This makes the drops fall faster and the profits rise faster. I’m not the expert, but at some point there should be an EIP that is set to single speed and gas and paid in DAI. Take the front running and gas charge inflation out of the equation
– Mark Cuban (@mcuban) May 20, 2021
Some analysts have suggested that the impact of leverage positions on crypto markets could have effects beyond price volatility. For example, Jake Chervinsky, General Counsel at Compound Finance, wrote on Twitter: “The speed and severity of this crash gives the SEC a simple excuse to reject this year’s Bitcoin ETF proposals.”
“The price trend appears to be driven by trading in derivatives on unregulated offshore exchanges, which the SEC has always been very concerned about,” he said. “I wouldn’t rule out an ETF just yet, but the odds are slim.”
Caitlin Long, founder and chief executive officer of AvantiBT, agreed, “The volatility caused by derivatives not only gives the SEC an excuse … it also increases the cost of capital to the ecosystem and delays its mainstreaming,” she said, adding that it “probably does.” no way to stop the crazy leverage. “
Yep @ jchervinsky – a group of institutional / # Bitcoin investors had exactly this convoy yest. The volatility caused by derivatives not only gives the SEC an excuse, it also increases the cost of capital for the ecosystem and delays its mainstreaming. Probably no way to stop the crazy leverage from https://t.co/6Qe7oErGCO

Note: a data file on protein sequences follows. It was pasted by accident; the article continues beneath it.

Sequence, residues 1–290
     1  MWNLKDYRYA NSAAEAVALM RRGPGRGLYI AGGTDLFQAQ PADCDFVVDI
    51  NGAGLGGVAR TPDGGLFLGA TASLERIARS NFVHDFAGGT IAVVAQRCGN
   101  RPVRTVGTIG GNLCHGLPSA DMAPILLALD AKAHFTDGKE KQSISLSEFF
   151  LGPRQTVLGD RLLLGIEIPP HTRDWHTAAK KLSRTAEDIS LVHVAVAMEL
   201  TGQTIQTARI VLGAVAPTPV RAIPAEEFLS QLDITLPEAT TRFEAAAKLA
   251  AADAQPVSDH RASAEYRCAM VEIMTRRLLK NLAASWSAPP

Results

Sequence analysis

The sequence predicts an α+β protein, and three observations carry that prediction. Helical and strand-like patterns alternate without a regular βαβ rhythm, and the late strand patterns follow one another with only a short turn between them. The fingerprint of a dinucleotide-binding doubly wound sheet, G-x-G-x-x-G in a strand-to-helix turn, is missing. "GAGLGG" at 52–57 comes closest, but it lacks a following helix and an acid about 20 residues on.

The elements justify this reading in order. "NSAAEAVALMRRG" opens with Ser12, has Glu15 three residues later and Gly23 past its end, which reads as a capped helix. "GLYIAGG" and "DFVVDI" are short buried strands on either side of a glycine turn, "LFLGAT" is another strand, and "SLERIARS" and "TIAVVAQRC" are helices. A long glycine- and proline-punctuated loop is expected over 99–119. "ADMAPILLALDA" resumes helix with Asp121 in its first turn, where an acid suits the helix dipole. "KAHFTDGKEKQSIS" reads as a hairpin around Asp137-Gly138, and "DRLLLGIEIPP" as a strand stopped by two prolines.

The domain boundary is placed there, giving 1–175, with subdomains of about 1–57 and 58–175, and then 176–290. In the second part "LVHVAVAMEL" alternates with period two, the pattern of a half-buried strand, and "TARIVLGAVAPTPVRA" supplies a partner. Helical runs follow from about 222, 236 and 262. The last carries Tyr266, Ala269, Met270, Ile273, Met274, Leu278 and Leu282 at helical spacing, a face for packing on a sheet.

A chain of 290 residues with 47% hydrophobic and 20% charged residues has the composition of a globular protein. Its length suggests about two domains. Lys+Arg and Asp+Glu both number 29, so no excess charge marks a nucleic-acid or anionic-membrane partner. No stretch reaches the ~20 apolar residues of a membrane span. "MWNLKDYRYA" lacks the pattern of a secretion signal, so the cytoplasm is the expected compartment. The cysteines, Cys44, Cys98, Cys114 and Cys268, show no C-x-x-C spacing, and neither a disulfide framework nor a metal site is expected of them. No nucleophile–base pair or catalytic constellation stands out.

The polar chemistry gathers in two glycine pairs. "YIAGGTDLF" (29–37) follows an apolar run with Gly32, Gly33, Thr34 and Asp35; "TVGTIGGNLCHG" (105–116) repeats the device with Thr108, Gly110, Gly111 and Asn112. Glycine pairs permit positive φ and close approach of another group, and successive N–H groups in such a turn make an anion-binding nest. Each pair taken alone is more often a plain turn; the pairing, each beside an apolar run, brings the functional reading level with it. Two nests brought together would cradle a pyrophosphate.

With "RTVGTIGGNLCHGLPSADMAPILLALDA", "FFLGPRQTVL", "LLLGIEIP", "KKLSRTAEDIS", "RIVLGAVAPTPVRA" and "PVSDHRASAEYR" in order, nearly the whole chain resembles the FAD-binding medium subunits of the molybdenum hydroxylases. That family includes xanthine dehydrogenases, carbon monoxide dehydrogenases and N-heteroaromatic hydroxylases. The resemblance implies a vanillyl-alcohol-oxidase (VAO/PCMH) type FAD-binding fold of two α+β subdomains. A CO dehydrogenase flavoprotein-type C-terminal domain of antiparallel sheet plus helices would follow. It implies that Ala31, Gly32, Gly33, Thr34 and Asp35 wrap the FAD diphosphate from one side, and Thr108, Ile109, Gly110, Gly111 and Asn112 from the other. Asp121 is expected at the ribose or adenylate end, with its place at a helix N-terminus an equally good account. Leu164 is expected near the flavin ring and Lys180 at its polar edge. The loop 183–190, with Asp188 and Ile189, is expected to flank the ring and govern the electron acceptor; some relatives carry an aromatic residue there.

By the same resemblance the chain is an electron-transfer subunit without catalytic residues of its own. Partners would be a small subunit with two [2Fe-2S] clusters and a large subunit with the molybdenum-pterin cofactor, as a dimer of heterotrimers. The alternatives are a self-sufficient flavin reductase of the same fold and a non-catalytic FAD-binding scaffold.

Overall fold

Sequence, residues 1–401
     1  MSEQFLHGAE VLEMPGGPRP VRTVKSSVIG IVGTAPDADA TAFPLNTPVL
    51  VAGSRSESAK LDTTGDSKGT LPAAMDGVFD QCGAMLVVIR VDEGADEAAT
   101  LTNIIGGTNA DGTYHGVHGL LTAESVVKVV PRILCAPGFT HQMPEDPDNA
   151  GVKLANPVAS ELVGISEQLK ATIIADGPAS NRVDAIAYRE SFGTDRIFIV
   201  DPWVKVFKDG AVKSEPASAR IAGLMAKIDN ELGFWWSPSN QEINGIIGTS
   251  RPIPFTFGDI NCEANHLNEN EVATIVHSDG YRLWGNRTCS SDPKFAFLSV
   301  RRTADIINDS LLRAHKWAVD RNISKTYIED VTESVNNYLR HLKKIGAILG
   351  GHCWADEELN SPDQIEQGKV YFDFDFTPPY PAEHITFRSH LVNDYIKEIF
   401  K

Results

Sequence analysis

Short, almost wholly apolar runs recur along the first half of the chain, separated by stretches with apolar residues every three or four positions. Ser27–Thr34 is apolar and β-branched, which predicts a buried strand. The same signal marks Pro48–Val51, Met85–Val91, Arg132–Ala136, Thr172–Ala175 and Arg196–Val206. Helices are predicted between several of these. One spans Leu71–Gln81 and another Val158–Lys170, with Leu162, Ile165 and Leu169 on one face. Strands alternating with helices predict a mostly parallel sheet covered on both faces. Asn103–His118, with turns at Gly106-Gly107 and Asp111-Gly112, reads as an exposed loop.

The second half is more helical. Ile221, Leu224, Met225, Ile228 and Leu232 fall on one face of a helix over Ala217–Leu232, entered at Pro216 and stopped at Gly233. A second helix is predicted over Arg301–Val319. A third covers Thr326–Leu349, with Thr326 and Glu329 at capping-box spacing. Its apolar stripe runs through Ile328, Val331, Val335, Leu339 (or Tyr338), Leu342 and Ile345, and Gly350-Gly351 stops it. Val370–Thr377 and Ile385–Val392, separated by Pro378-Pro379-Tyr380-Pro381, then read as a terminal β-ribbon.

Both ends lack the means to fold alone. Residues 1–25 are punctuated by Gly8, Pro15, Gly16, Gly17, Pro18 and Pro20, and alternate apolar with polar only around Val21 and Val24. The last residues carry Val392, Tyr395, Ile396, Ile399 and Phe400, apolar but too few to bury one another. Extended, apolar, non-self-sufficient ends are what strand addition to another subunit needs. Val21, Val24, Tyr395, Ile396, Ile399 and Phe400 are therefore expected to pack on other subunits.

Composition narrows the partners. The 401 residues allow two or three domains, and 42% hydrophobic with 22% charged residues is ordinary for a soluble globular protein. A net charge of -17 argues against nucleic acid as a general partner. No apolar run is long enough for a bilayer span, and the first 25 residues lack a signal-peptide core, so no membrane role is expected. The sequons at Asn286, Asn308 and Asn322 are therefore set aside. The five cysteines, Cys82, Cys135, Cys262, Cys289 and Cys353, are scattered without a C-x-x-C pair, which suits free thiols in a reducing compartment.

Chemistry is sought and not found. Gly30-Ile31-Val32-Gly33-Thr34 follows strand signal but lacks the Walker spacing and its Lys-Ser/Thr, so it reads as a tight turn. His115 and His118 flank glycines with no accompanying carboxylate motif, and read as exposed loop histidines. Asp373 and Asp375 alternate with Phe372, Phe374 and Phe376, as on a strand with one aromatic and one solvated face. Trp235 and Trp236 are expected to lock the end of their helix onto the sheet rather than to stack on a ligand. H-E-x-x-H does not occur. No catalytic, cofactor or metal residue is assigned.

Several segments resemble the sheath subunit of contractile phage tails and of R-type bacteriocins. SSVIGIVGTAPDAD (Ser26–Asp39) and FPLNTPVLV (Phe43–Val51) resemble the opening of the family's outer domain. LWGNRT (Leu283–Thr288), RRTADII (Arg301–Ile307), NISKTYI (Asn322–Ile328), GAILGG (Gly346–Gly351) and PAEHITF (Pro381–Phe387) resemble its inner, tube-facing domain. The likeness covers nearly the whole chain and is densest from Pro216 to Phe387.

– Caitlin Long @ (@CaitlinLong_) May 23, 2021
Crypto loans may also have exacerbated the effect of BTC price movements
Aside from margin trading, some analysts believe the crypto lending industry may have played a role in last week’s market crash.
CNBC reported that crypto companies like BlockFi and Celsius, which offer interest-bearing crypto accounts, lend bitcoin to hedge funds and other professional traders. However, they also allow lenders to use their bitcoin holdings as collateral for money loans, which they can then use to buy even more bitcoin.
However, this can cause problems. CNBC stated, “For example, if someone took out a $ 1 million bitcoin-backed loan and the price dropped 30%, they could owe the lender 30% more.”
To protect themselves, some of these lenders have automatic sales triggers on their lenders’ collateral. Brian Kelly told CNBC: “[When] You have reached a certain security level, [lending] Companies will automatically sell your bitcoin and send the collateral to the lender. “
“This adds to the massive cascading effect – there was so much volume that most exchanges broke.”
What do you think of the impact of leveraged trading and crypto lending on Bitcoin price movements this week and last? Let us know in the comments below.